We learn what Seattle’s epic apartment-building boom will mean for rents in 2017 and preview the high-stakes education-funding battle coming with the state Legislative session that begins this month.

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Seattle’s already-historic apartment boom is about to really explode, with nearly 10,000 market-rate units slated to open in 2017.

What will that mean for city dwellers? We hear from Seattle Times real-estate reporter Mike Rosenberg at 3:30.

At 5:27, we ask what’s behind the boom. “The single biggest thing is the Amazon effect,” says Rosenberg.

The company has 10,000 job openings and for employees new to Seattle, renting makes sense. Most can’t afford the city’s eye-popping sales prices.

At 8:07: Rosenberg breaks down the possible effect on rents. In theory, the construction should slow increases: Tenants may see bumps of five percent rather than 10 percent or more. “So it’s still bad, but at least better,” he says.

Then we quiz state Senate majority leader Mark Schoesler on the Legislature’s big task this session: hammering out a plan to fully fund public schools in compliance with the McCleary court ruling.

At 11:30, the Ritzville Republican says his first reaction to Gov. Jay Inslee’s recent budget proposal was laughter. The governor hopes to impose new taxes so the state can fix its schools problem without slashing other services.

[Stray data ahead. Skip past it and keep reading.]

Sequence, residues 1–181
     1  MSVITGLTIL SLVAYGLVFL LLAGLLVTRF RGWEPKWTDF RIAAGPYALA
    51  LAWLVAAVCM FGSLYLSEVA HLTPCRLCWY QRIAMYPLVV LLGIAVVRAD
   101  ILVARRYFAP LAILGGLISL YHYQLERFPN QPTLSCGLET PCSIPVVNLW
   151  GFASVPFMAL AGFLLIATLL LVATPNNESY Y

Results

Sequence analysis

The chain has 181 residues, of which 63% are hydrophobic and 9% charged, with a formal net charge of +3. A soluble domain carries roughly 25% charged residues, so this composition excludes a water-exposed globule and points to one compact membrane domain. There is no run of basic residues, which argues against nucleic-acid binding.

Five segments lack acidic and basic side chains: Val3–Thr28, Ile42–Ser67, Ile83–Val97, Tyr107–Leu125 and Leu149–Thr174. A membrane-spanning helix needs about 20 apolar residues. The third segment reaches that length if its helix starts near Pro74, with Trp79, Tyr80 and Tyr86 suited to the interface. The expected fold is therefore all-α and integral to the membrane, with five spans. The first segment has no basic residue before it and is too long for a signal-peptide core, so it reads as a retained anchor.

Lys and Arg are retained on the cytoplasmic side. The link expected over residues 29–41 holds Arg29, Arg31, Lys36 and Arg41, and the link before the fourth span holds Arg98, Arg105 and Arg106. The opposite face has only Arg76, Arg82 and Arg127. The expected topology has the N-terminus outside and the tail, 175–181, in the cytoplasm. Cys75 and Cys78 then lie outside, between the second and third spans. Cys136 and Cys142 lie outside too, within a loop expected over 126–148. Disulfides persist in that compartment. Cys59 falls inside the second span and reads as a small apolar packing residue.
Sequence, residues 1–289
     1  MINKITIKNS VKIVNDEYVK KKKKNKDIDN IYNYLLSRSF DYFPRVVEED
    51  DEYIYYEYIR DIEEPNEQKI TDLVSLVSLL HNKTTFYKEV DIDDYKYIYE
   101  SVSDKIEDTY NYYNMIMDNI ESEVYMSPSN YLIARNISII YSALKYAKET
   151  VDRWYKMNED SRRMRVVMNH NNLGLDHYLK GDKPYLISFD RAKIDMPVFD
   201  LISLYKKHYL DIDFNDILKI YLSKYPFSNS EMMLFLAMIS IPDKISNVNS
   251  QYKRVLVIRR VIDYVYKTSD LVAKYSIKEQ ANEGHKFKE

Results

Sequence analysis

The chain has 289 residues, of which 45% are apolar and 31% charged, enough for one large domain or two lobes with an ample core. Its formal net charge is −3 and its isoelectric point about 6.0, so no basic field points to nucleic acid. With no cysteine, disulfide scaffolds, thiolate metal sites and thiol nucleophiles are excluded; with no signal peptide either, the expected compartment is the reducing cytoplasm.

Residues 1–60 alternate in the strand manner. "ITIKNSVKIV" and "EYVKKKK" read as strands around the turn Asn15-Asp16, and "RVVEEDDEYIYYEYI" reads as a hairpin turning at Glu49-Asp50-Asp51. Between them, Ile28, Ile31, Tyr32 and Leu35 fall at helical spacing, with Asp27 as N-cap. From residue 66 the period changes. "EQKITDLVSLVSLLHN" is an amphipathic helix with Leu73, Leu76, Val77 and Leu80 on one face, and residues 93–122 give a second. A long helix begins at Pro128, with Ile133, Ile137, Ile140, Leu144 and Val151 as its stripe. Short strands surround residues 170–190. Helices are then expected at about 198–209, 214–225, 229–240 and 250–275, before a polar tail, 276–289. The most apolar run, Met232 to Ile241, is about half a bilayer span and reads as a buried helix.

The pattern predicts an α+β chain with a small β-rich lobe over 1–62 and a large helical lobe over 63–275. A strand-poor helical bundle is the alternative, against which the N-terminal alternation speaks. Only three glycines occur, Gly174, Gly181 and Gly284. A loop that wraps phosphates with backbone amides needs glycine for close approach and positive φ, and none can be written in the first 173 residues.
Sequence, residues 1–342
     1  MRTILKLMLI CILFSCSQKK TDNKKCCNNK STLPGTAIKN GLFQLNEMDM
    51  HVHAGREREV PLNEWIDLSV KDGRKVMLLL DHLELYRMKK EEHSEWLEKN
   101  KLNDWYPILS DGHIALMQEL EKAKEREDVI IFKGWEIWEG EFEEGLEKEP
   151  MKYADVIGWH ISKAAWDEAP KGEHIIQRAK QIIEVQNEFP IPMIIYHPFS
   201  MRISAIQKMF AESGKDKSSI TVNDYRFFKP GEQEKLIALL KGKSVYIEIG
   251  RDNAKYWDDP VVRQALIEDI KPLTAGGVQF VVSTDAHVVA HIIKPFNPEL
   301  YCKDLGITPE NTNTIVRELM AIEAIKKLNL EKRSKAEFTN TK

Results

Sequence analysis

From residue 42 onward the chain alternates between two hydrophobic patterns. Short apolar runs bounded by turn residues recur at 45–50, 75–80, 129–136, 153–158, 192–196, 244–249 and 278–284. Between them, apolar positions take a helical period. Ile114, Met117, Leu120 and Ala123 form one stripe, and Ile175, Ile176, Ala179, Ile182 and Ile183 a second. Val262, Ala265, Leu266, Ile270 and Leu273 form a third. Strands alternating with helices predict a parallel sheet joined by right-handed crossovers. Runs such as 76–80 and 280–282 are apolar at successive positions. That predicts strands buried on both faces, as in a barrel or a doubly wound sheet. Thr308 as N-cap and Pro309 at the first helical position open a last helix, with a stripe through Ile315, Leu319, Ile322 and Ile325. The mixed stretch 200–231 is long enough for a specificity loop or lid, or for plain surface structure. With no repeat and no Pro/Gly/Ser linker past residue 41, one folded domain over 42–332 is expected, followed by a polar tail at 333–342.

“It’s really hard to take serious,” Schoesler says.

At 14:00, we ask the GOP leader whether he and his caucus would entertain a capital gains tax on the wealthy (as Inslee has proposed).

Schoesler resists, calling the tax a volatile revenue source and arguing it could hit some small business owners when they cash out.

Finally, at 21:46, Daniel Zavala, policy director for the League of Education Voters, weighs in on McCleary, including the issue of teacher pay.

Zavala calls Inslee’s budget “a great conversation starter” but says his organization is still waiting to see what Republicans and Democrats suggest.

The League of Education voters hasn’t endorsed any of the governor’s proposed tax increases and is focused on outcomes – not just more money.

Can the bitterly divided Legislature actually get the job done? At 34:00, Zavala says he’s “optimistic.”

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